I guess the issue I am getting at is specific to the types of terrain pieces we use. We have some circular chunks of terrain about a centimeter thick of various radii that we stack up to make hills of various shapes and sizes. We agree beforehand that one level of hill doesn't block line of sight (but provides cover), while two levels block line of sight for a normal-sized model. Four levels blocks line of sight for a large target.

This worked fine with a few of the gamers I play with, but one immediately objected to the hill providing any cover at all. I said we should go outside and both of us stand on different parts of a hill and I could demonstrate how line of sight isn't blocked, but that a large portion of the target is blocked and therefore should quality as cover.

Do any of you guys use similar terrain pieces for hills, and if so what rules for cover do you use for it?

Major Defense
01-06-2005, 18:26
This thread reminds me to go find that Q&A where they say that a single model in a unit standing outside of cover will blow cover for the whole unit. Unfortunately I don't have time to look now so if anyone knows where it is then please post a link to the PDF. Otherwise, check back here later because I will eventually find it.

Aha! Found it...

http://www.geocities.com/mi_whplayers/faqs/rules_faq.txt

Q. A skirmishing unit with two models outside of the woods, and the
rest in the woods are shot at by a unit of archers. Does the
skirmishing unit count as being in soft cover?

A. No. Having part of your unit out of cover is like being a little bit
pregnant. Either you're completely in cover or you're not. If the unit
shooting has line of sight to any models that aren't in cover, the
unit being shot at can be targeted without the cover penalty. The
same answer would apply if the situation involved a ranked unit with
the front rank outside of the woods and the remainder of the unit
inside of the woods.
S. Rulebook page 62 / Direwolf FAQ Council Interpretation

McMullet
02-06-2005, 09:45
Think about hills in real life - they are generally at least 50 metres tall. Even a small hill blocks line of sight to anything in the game, even dragons and giants.


So what are the particulars here? If a unit is standing behind a hedge, but one model in the unit is exposed, does any of the unit get the cover bonus?

We usually play that you can elect to shoot at the whole unit, but with a cover penalty, or shoot at those in the open ONLY without the modifier. This means that if 1 model out of 10 is in cover, you can still choose to shoot at 9 of them without a modifier, but can't kill the one in cover; if 9 are in cover, you can try and snipe the one guy in the open, but will more likely want to target the whole unit with a modifier. It's not in the BRB, but it works pretty well.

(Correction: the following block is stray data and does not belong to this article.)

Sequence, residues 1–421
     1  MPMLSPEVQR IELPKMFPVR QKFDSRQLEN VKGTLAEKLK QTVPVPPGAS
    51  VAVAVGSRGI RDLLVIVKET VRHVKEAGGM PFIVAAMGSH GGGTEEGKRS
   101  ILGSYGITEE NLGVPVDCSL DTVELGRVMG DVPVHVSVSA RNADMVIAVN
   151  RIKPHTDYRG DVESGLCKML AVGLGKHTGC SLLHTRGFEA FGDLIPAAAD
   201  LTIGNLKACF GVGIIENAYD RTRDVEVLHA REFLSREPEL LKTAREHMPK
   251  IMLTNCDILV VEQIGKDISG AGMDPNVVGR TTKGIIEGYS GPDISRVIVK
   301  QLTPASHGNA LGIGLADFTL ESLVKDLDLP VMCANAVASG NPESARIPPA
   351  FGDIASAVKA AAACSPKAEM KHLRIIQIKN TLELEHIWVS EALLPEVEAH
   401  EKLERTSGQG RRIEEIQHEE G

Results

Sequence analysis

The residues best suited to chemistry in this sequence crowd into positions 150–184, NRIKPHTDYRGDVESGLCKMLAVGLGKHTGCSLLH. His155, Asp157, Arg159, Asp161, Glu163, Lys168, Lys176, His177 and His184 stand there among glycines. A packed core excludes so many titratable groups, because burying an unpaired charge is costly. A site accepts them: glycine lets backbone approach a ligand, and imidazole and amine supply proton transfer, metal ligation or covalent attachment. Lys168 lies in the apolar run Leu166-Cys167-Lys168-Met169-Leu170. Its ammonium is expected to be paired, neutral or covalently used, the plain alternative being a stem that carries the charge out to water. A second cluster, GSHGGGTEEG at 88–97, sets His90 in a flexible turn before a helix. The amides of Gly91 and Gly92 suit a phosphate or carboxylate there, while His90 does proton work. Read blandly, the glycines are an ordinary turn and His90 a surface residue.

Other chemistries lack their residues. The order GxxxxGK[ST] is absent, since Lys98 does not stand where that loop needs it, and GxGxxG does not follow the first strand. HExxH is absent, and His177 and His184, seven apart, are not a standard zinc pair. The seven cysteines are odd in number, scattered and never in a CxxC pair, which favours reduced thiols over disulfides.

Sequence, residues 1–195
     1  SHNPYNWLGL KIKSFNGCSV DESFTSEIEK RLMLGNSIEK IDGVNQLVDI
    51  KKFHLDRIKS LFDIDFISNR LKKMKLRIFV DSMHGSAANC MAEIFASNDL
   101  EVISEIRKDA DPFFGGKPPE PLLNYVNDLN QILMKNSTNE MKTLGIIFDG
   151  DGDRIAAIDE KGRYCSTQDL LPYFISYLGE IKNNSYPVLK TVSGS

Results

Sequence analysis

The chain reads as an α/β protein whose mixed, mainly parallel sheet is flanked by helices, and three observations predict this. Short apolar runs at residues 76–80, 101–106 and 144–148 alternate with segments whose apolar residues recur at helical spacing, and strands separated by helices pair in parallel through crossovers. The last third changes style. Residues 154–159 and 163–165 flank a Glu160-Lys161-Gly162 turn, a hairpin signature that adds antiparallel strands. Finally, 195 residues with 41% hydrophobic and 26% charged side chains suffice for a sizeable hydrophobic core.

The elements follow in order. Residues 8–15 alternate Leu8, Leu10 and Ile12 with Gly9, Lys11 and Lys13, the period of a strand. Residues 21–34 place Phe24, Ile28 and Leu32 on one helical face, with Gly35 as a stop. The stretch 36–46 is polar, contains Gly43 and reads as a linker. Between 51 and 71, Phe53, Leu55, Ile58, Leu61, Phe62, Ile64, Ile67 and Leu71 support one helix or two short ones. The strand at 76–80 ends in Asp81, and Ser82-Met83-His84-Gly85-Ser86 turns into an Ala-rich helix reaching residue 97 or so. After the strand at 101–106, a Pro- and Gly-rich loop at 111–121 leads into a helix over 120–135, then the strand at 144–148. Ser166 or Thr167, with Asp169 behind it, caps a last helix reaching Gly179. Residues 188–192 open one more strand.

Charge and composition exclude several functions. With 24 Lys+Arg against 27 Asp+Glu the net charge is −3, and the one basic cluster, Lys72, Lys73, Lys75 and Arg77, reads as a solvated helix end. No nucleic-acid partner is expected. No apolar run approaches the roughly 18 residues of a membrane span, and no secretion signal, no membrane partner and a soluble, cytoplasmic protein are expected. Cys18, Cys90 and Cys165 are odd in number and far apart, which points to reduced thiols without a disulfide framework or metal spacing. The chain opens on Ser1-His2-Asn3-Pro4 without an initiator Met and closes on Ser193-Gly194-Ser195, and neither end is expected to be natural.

mageith
02-06-2005, 14:10
Well, the hill issue is easily solved with the rulebook:

Any obstacle blocks LoS over open ground...

Festus

"Perhaps the easiest way of checking what a model can see is to get down over the table and take a model's eye view...." (59)

Nope, the rulebook is hardly the way, in this case.

Besides 'obstacle' is both a paraphrase and a technical term in your statement.

Discussion is the preferred way and the only sanctioned way. Irritating but true.

For hills, we use actual LOS. We call them hills but we just consider them rises in the battlefield. In fact, for the most part, this interpretation happens naturally with no house rule whatsover.

Bottom line, is that most of these questions can't be proved by the rulebook.

Ith

mageith
02-06-2005, 14:32
I guess the issue I am getting at is specific to the types of terrain pieces we use. We have some circular chunks of terrain about a centimeter thick of various radii that we stack up to make hills of various shapes and sizes. We agree beforehand that one level of hill doesn't block line of sight (but provides cover), while two levels block line of sight for a normal-sized model. Four levels blocks line of sight for a large target.

If I had hills like that, I'd use your rule.



This worked fine with a few of the gamers I play with, but one immediately objected to the hill providing any cover at all.

Line of Sight and Cover are different things. I don't think we provide cover for models that we can actually see behind a hill.

Ith